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Charlie Baker and the Rise of One-Party Rule

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At least once a week during the past two years, a flock of protesters could be found outside the seaside home of the Republican governor of Massachusetts, airing their grievances about the man they call “Char-lie Baker.” (It rhymes with pie—get it?) Two years of “Char-lie Baker” would be a lot for any person to take, especially when the clamor is coming from members of your own party.

The gatherings began in April 2020, when more than a dozen anti-lockdown demonstrators drove, horns blaring and Trump flags hoisted high, back and forth past the governor’s white Victorian. For months after, picketers convened on the grassy median on Baker’s street in Swampscott, wielding life-size cutouts of Donald Trump or, sometimes, Confederate flags. The organizer of the weekly visits accused Baker of being “in bed” with “the Chinese Communist Party and the Muslim Brotherhood.” Many of the protests attracted a police detail. On some occasions, officers erected barricades. The nearby elementary school canceled classes after Election Day 2020, citing an “abundance of caution.”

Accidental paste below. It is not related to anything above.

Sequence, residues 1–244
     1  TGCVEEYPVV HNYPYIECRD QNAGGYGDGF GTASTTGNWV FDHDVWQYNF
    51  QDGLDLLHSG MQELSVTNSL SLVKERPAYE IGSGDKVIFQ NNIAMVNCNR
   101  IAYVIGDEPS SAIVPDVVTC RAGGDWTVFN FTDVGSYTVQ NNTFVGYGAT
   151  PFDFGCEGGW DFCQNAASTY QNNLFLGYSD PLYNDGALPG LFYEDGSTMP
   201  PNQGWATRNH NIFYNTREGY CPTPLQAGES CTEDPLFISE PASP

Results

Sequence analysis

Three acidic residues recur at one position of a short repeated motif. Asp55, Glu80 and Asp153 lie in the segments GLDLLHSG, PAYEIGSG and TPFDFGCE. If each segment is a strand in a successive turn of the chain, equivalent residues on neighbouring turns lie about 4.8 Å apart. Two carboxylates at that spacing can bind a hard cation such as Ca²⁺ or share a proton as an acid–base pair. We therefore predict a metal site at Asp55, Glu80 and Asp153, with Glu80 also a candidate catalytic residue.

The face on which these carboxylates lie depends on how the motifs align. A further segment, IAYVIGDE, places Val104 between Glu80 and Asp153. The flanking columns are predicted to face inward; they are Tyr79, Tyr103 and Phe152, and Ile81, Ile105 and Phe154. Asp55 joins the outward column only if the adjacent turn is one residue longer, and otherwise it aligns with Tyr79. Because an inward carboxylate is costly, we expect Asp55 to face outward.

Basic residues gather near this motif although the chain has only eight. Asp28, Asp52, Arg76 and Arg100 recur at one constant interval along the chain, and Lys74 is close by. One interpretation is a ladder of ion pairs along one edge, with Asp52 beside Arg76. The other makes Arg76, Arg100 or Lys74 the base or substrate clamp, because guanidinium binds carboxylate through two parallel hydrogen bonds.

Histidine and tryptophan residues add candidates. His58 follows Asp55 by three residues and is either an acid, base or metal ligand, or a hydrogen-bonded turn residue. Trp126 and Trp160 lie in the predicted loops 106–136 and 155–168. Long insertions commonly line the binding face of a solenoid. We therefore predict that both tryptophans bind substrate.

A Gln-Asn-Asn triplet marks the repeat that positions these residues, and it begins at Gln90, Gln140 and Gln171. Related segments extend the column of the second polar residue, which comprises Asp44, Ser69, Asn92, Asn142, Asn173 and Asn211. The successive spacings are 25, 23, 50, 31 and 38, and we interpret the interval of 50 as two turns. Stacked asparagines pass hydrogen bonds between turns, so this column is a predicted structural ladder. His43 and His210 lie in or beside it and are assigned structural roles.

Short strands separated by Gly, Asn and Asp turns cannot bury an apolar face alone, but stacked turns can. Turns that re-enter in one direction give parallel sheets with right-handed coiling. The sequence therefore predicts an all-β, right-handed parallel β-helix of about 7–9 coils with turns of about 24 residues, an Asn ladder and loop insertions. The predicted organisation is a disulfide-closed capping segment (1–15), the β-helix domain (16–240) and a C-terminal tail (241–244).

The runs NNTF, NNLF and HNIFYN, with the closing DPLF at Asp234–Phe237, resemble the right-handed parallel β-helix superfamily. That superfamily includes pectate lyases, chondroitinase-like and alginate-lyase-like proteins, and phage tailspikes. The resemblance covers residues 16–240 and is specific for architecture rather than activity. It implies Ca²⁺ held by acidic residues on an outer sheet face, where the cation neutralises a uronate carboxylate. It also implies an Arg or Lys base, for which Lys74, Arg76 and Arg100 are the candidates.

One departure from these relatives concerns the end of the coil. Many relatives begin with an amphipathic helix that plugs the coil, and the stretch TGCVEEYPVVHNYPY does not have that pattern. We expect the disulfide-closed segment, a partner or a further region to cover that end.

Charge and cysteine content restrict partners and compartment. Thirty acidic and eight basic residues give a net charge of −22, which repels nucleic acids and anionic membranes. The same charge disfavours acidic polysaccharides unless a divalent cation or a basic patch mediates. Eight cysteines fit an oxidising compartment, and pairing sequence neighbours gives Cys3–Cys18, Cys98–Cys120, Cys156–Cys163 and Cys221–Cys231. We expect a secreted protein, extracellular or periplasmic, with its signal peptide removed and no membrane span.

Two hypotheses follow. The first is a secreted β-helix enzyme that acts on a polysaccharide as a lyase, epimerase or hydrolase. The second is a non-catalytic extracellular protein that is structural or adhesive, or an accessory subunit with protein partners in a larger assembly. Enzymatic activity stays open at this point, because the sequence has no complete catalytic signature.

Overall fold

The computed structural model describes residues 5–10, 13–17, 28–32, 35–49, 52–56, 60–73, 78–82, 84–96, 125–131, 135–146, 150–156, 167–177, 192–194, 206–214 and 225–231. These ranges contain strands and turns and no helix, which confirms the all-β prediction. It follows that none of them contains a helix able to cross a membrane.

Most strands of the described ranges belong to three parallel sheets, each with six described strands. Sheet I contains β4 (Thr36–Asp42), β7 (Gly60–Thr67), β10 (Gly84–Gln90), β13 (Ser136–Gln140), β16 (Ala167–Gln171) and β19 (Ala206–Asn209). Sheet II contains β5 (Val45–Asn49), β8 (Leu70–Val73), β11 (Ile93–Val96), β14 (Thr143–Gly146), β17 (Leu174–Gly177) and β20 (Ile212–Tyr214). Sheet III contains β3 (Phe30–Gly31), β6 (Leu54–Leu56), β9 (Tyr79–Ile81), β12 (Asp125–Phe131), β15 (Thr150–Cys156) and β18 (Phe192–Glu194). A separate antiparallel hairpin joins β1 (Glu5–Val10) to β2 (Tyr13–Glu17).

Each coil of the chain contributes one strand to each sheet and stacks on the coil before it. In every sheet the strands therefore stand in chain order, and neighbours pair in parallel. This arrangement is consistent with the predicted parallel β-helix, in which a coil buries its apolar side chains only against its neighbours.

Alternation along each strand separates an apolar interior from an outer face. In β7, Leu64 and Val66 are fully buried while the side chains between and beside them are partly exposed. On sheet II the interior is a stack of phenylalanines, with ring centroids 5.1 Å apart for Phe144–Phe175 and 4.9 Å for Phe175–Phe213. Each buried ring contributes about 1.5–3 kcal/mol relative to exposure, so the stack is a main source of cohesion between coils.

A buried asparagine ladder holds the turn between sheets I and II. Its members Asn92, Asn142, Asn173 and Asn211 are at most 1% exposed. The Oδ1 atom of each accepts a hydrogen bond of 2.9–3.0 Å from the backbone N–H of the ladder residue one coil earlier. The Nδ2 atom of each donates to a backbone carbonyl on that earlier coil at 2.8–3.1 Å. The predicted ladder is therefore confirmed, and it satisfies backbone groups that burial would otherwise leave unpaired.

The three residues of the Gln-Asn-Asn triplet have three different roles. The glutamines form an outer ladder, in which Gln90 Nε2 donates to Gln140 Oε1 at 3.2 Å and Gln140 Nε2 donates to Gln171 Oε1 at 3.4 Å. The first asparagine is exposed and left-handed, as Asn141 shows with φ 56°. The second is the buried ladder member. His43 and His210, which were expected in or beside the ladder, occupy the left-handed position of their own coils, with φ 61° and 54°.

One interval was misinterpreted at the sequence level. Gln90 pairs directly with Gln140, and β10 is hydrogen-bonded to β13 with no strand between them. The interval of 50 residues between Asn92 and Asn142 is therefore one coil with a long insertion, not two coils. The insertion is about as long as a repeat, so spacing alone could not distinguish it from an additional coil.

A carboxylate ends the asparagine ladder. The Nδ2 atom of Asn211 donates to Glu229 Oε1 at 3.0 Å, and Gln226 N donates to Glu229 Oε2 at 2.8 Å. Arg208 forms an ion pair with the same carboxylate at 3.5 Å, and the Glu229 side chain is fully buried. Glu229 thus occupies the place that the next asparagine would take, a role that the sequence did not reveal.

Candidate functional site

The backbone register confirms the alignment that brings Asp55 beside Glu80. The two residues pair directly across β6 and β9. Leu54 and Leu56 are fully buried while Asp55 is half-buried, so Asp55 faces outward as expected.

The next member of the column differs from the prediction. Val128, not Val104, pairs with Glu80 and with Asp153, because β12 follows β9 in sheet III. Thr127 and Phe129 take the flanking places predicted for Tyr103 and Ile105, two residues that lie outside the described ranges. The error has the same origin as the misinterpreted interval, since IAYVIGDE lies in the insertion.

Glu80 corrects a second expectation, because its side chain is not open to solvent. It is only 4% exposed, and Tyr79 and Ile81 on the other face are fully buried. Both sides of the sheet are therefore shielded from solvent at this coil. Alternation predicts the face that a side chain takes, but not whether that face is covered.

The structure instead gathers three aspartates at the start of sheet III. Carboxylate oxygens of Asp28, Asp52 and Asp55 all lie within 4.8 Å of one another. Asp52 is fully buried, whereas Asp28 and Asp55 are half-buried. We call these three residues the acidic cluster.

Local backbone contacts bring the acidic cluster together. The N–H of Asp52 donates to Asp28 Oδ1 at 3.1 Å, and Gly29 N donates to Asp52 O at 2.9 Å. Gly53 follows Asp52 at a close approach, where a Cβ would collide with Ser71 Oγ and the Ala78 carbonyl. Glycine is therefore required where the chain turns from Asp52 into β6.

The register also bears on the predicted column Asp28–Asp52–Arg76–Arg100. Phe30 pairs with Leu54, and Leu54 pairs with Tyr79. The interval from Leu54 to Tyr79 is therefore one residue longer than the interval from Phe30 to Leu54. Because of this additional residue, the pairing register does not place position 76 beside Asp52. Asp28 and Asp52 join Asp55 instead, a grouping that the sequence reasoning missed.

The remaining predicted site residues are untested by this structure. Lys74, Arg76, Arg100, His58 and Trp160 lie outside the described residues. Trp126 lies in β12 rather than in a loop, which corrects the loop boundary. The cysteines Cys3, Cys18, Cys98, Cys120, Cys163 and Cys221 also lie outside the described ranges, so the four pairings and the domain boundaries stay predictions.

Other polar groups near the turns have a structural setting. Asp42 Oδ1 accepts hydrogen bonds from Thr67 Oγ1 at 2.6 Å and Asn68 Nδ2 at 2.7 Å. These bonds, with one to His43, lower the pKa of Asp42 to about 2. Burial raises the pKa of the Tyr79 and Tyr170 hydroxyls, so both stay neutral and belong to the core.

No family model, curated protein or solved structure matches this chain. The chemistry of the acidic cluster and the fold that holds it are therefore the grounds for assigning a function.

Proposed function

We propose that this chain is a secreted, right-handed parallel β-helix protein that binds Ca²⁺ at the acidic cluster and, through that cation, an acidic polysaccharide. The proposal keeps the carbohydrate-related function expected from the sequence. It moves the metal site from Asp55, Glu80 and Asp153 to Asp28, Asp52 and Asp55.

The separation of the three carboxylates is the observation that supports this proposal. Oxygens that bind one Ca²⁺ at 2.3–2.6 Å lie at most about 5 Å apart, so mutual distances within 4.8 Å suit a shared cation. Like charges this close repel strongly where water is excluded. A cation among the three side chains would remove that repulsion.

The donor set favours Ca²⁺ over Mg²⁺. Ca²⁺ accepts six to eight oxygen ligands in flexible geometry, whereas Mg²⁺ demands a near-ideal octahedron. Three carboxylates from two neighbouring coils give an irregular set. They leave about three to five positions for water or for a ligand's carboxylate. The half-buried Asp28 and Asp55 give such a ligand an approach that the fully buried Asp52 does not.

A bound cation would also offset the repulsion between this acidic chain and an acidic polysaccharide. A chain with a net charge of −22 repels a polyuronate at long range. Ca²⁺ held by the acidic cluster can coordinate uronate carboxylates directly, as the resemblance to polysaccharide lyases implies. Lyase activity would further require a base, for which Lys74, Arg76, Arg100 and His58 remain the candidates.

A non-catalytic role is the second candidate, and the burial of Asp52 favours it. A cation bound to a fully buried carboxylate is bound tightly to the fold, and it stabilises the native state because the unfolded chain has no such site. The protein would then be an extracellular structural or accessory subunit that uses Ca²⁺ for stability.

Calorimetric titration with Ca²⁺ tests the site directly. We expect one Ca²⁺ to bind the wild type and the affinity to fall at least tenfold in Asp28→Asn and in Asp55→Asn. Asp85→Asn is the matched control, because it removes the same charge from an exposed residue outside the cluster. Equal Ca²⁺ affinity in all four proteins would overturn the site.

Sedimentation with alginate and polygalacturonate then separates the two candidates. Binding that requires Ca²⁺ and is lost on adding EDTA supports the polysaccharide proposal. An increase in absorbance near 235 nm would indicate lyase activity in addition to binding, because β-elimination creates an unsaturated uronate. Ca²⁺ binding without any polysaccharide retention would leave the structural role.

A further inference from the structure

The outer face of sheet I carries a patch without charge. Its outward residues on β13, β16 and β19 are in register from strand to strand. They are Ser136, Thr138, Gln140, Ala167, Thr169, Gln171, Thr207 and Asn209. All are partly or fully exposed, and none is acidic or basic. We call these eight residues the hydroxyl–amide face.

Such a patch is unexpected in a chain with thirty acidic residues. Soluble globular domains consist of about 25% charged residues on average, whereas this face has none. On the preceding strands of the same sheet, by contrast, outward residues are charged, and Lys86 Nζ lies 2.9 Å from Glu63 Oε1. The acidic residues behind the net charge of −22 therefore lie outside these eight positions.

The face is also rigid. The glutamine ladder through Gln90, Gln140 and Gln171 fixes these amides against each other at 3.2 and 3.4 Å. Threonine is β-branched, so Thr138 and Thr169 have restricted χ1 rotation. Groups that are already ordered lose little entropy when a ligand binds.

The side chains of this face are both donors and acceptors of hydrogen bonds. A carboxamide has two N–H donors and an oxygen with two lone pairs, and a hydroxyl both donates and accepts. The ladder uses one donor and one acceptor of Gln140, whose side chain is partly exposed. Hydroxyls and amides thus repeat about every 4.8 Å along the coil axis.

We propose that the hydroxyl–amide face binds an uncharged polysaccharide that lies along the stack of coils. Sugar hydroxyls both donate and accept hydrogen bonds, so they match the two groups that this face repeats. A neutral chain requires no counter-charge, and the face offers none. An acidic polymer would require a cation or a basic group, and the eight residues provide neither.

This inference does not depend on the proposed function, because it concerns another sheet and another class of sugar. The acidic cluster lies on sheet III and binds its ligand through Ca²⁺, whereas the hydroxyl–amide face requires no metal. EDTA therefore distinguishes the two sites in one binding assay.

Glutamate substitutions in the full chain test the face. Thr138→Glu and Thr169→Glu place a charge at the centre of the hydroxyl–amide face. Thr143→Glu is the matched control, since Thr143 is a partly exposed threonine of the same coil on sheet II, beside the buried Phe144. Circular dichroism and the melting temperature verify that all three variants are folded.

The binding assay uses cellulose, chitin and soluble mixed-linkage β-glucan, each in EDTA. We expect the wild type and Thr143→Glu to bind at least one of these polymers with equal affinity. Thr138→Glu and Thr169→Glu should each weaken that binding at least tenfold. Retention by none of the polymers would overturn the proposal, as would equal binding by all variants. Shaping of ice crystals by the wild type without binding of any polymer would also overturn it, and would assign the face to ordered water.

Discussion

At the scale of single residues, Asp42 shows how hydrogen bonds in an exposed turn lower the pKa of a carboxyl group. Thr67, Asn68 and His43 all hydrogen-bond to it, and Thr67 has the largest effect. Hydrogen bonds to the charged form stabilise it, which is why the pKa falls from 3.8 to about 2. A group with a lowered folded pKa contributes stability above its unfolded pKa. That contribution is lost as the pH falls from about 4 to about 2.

It follows that when Baker announced in December 2021 that he would not seek a third term, his right-wing critics declared victory. “What we saw was Charlie Baker looking at his chances and realizing he couldn’t get through a Republican primary,” Wendy Wakeman, a Massachusetts-based GOP strategist, told me. The governor’s allies told a different story. Baker didn’t fear losing a primary, they insisted: He’d already outraised the opponent Trump had endorsed against him seven to one.